Finally, the missions are just bland. Part of the problem here is the lack of a minimap and clear objectives. Levels get large and mazelike, and it’s difficult sometimes to know where you should be going and what you should be doing. Not that the objectives are ever that interesting: you mostly just shoot “terrorist” enemy soldiers and blow up buildings. Even so, the lack of objective markers and a map utterly cripples the game. I can’t express adequately how annoying it is to think you finished a half-hour mission, only to see you still need to kill one more enemy soldier, but you have NO idea where he is.
War Ain’t Pretty
Unfortunately, the game looks just as bad as it feels. At a basic aesthetic level the designers settled on a nightmarish super-deformed look that I can only describe as ill-advised. It’s easy to see what they tried to do: the first Cannon Fodder games were kind of cartoony in a pixelated way, and Burut CT tried to emulate this. They failed. At its very best the game is awkward and offputting.
More than that, the game does not put its best foot forward all the time, or even often. Nearly every aspect of the game, aside from the menus, has presentation issues. These range from the washed out, overly compressed intro movies to the glitchy and framey in-game graphics. In still pictures, the game looks almost interesting: bright colors, big explosions, etc. Once you have it playing in front of you, this just doesn’t translate. Those trees don’t look quite so good when their textures flicker in and out of existence, and the explosions are surprisingly puny and unsatisfying.
All of this is as nothing though, compared to my absolute hatred for Cannon Fodder 3’s sound design. Everything is exactly wrong. This includes the (thankfully sparse) voice acting, which sounds like a Russian being recorded with a headset mic in a garage, attempting to speak with a British accent, in order to voice a seemingly American general.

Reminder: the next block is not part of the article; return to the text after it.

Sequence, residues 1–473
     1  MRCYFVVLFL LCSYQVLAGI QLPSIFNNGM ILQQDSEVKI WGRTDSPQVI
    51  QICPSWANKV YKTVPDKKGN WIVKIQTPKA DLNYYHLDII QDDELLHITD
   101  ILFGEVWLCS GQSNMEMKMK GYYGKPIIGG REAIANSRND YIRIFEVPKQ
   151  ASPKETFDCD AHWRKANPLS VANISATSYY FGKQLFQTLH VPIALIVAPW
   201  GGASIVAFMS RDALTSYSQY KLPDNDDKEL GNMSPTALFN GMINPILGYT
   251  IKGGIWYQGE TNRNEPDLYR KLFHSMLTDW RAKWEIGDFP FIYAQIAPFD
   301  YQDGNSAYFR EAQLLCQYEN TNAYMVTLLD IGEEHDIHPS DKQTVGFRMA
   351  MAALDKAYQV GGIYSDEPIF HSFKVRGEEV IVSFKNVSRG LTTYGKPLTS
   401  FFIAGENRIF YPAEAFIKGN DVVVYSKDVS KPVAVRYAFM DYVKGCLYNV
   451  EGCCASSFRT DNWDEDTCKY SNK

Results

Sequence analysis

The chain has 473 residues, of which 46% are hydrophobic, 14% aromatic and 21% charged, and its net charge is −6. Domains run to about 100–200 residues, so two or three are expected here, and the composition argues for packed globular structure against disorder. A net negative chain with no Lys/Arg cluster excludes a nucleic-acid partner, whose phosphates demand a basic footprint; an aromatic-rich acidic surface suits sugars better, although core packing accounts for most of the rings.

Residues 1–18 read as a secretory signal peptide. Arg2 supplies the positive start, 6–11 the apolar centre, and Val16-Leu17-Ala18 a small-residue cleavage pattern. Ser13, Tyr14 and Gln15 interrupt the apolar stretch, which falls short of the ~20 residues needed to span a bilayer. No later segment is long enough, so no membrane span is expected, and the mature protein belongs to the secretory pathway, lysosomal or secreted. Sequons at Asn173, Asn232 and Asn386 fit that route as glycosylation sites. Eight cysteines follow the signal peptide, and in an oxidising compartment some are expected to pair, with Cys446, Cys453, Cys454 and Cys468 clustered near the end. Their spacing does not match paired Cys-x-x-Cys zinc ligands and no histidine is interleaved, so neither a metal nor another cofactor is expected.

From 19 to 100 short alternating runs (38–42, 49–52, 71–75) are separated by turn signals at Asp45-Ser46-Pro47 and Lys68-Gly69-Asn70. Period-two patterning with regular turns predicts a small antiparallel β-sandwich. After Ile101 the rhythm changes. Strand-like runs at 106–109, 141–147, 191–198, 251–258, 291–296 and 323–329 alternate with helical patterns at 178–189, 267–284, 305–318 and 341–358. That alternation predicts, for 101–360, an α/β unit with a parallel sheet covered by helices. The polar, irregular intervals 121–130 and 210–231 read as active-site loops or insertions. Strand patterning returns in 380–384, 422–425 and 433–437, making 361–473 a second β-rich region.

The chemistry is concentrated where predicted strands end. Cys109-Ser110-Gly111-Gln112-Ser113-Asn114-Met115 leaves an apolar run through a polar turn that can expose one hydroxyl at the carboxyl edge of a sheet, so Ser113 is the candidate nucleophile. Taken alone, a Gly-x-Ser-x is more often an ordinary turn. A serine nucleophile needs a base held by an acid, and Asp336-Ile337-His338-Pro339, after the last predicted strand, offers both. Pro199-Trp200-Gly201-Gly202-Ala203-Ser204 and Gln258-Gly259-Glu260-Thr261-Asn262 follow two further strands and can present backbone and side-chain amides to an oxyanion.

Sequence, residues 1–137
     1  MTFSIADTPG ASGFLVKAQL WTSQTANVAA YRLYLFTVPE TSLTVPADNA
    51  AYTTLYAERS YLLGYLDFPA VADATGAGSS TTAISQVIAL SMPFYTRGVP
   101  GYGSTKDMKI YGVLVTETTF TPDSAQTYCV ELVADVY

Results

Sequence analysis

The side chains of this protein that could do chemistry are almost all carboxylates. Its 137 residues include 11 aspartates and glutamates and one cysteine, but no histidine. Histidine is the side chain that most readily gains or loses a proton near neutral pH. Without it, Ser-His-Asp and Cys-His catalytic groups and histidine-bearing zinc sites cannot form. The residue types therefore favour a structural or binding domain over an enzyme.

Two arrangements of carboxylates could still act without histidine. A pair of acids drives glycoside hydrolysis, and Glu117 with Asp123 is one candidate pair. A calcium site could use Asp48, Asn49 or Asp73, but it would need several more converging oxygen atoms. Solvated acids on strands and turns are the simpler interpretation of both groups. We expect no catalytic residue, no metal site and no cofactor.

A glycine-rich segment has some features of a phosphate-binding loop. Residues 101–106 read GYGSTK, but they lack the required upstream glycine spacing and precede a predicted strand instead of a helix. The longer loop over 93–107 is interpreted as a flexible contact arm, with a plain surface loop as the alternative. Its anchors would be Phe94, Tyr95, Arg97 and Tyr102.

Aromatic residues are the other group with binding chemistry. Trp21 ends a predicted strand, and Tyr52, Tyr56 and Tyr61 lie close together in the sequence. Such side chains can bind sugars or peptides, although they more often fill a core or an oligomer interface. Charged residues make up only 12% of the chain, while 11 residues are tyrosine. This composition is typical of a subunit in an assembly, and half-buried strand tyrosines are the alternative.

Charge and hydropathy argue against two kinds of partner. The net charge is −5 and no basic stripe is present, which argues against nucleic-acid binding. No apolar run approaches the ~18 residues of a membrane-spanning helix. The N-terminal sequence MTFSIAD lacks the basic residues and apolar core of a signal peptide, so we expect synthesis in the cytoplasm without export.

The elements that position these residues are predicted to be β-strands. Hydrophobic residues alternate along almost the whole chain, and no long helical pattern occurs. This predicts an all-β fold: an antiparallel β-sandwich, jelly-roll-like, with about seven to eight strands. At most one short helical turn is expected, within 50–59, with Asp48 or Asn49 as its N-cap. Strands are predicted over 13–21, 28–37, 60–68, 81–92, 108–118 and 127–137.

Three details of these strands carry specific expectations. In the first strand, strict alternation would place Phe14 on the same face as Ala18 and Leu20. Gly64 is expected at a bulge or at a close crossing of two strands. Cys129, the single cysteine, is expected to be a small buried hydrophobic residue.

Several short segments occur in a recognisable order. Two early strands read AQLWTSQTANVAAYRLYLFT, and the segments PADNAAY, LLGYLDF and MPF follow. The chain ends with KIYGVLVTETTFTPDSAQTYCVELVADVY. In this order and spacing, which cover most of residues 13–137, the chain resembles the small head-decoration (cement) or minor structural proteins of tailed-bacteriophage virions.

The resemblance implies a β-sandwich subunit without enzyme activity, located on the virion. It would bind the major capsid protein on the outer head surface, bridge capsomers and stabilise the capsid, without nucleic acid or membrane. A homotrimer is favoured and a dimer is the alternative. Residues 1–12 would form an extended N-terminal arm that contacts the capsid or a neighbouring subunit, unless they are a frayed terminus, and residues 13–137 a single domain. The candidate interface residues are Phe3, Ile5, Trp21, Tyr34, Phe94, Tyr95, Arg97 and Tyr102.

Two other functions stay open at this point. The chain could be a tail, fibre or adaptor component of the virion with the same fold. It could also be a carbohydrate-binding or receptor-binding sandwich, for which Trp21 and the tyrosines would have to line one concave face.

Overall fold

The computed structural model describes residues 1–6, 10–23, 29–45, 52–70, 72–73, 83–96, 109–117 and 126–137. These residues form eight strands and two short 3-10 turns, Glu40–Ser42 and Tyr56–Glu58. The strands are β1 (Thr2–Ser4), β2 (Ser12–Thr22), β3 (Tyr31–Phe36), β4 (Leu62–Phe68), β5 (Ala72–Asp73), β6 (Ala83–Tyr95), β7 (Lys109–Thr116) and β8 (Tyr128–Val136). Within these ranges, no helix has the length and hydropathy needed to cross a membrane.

The rest of the sound design is equally bad. After having JUST played the game, I honestly can’t tell you if there was music at all. It left that little of an impression on me. I can tell you the game had walking sound-effects. The sounds of feet hitting the ground. I know this because the sound is horrific and constant. Assuming you play the game with the sound on (you have already made two mistakes there), you will be hearing this sound pretty much the entire time. It’s almost like gravel in a blender: abrasive and annoying.
Let Sleeping Dogs Lie
I make a special effort to find the good in obscure, budget, or unappreciated titles. While I am, by no means, any sort of masochist or gaming saint, I generally think I have an ability to appreciate games that others would not. I found absolutely nothing to appreciate about Cannon Fodder 3. Even assuming they fixed the graphics, re-recorded the audio, and overhauled the camera and controls, the game still would be just mediocre. At about $26, the game is not even worth it for fans of the original. Do yourself a favor and just track down the first two games and play them on DosBox.
While Eastern European developers have made great strides in recent years, putting out AAA titles like The Witcher and S.T.A.L.K.E.R., Cannon Fodder 3 is a regrettable example of something that could have been great, if handled by careful, competent and well-funded developers, but that just ended up as shovelware. It’s not surprising that Codemasters is hiding this clunker, I am sure they wish it never existed in the first place.